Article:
The debate surrounding the value of “analytics” in sports has existed for about as long as “sports” have existed (don’t fact check me on this I’m just guessing), but boy oh boy did the Toronto Maple Leafs game 7 loss to the Montreal Canadiens re-ignite that debate, again. Now, I’m not going to act like I don’t have opinions on this or am approaching this as a naive bystander:
There really is nothing more exhausting and quite frankly more stupid than the “analytics” debate in hockey. The debate is almost always started by those who don’t like or trust “analytics”, and these people frame it like both sides are arguing – at this point they really aren’t.
— EvolvingWild (@EvolvingWild) June 2, 2021
I clearly have my “hypothesis” about how, especially recently, these debates start and what the general motivation is from those who seem to start them. But, this particular time, the criticism directed at the two specific teams here is kind of silly:
McGuire on TSN690: "The two teams that have been built through analytics and they are both on the outside looking in: the Toronto Maple Leafs and Edmonton Oilers."
— NHL Watcher (@NHL_Watcher) June 2, 2021
People love to criticize Pierre McGuire, but that’s not what this article is about (Twitter kind of took care of that already if that’s what you were hoping this was about). Along with several other people in the discourse, Luke and I thought it was both odd and amusing that this round of the debate focused on the Leafs and specifically the Oilers. A smaller portion questioned how much of an “analytics” team each of these two teams actually are. This got me thinking about the idea of “analytics”, which teams actually are the “analytics” teams in the NHL, and what that actually means.
However, after a night or two of trying to write that article, it became clear this particular endeavor was a combination of too much subjectivity, a few areas I’m not well-versed in (prospects and drafting), and a clunky idea that didn’t really materialize the way I wanted (maybe someone else can do that) as to warrant that article unfeasible. I will say that the “analytics“ teams I did arrive at were a combination of the Avalanche, Hurricanes, Lightning, Bruins and maybe the Leafs. So, for anyone looking for that article, I suppose this summary will have to do.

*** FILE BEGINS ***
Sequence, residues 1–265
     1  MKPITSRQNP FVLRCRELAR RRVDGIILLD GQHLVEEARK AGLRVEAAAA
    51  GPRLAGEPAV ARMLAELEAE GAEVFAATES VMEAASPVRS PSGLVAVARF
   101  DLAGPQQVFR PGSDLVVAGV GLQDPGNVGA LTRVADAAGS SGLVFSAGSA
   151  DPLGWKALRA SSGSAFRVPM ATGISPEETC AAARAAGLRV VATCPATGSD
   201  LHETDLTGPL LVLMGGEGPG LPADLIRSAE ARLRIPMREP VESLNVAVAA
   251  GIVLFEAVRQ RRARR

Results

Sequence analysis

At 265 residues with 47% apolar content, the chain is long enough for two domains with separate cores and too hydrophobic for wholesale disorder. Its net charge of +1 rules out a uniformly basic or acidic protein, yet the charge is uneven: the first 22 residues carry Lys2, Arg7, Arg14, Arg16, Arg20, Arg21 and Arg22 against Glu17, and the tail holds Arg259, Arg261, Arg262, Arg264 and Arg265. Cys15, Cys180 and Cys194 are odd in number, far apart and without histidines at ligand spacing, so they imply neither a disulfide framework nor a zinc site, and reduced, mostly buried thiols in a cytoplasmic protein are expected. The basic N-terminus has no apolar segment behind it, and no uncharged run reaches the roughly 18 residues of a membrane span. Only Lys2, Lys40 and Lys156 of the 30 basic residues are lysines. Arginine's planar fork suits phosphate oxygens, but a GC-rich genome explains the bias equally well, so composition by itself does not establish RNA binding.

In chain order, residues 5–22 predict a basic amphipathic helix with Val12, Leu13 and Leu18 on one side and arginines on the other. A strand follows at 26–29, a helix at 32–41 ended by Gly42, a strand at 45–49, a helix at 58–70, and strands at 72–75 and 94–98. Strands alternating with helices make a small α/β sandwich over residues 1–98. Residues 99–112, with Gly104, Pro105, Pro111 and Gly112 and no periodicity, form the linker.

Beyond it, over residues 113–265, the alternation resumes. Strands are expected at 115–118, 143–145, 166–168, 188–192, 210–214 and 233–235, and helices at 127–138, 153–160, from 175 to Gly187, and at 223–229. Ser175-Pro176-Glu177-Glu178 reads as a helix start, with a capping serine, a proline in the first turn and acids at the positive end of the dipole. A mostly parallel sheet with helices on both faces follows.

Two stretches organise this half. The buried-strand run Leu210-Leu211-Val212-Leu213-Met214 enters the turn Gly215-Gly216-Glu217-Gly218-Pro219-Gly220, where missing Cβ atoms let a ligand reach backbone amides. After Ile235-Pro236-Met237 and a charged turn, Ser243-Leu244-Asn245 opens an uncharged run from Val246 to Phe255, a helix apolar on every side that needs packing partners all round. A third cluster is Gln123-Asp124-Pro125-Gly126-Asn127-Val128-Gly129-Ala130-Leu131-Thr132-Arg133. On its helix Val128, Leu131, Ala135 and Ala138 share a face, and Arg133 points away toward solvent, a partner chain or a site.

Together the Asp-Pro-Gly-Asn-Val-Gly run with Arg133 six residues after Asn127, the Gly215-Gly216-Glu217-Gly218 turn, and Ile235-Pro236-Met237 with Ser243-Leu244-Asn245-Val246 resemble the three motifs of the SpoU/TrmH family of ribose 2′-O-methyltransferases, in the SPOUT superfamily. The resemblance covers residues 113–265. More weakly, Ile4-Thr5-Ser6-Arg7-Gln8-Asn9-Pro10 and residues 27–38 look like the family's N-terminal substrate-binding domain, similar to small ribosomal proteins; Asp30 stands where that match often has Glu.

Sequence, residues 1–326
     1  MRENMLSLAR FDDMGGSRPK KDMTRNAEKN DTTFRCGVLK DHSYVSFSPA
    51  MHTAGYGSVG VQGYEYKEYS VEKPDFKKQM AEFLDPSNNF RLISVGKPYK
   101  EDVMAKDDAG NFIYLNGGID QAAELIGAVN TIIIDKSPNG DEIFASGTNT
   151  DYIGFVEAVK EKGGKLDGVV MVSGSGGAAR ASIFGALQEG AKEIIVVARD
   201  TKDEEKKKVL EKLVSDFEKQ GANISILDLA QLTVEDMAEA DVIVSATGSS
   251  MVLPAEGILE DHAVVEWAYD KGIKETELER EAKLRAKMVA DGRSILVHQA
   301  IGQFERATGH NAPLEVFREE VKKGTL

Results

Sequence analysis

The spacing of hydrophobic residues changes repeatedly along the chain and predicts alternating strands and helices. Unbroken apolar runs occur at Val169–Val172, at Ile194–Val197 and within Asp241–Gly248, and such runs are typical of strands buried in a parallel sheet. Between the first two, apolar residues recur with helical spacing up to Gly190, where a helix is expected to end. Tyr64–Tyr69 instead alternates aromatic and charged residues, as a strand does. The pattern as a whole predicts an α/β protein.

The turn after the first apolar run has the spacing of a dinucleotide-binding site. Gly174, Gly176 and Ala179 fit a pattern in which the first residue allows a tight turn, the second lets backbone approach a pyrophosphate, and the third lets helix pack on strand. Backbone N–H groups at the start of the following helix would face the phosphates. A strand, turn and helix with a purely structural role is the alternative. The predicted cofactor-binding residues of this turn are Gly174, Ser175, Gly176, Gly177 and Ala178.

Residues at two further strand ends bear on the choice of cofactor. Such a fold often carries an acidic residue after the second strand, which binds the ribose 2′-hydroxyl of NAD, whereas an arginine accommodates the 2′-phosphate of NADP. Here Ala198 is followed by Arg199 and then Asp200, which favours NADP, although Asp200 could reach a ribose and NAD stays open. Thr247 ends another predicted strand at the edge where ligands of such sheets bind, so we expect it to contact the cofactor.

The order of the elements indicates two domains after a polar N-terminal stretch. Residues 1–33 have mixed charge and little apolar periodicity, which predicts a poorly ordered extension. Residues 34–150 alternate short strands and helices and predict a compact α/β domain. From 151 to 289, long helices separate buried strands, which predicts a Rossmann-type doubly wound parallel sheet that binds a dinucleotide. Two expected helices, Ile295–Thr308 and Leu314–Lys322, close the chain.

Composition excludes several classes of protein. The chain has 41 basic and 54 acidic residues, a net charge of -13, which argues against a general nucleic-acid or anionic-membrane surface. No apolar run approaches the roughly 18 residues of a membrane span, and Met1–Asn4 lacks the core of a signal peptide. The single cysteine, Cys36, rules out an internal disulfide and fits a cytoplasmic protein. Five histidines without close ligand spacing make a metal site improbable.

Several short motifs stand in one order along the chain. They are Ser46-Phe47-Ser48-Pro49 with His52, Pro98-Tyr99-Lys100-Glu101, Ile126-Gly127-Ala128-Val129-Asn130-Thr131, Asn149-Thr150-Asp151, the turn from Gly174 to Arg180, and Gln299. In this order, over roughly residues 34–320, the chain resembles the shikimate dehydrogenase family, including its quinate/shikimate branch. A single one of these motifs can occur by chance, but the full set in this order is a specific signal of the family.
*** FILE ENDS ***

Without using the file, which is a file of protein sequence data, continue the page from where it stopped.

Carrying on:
But it did get me thinking about the idea of “analytics” and how people use this word in the NHL to mean basically anything that can be broadly categorized as relating to any aspect of the sport that isn’t watching, scouting, or playing the game of hockey. In the “early” days of modern hockey statistics (~5-10 years ago), the word “analytics” made more sense as only a few teams were even doing anything that could be called that. A few bloggers and writers were hired by a small group of teams in the mid 2010s as the idea of evaluating hockey with more comprehensive data started to gain traction both in the league and among writers and fans (specifically the still somewhat new RTSS data the NHL started tracking in 2007). But even then, what did it really mean? The idea of questioning the word isn’t new. Andrew Thomas, one of the smartest and most important individuals in all of hockey analysis, coined a concise criticism of the term years ago that he re-iterated here:
You may have heard what I call the "underpants" rule: if you can replace the word "analytics" with "underpants" and the statement is equally sound, check your logic.
Also, you're doing better than you were, because it's an innately funnier word. https://t.co/VR5fYin2Od
— Andrew C. Thomas (@acthomasca) June 2, 2021
This more or less summarizes the entire issue a lot of people (including the two of us) have: the term “analytics” in most contexts in the NHL is rarely useful. At this point, even people who don’t want to use it do just so others know they’re part of whatever discourse happens to be occurring on any given day. Hell, it has its own Wikipedia page. It’s similar to how none of us really like the term “Corsi” but still use it because it’s the accepted name. Unlike baseball, which somehow came up with a fairly catchy umbrella term for their own analytical evaluation of the game, hockey seems to just have “hockey analytics” as the name of whatever it is we do.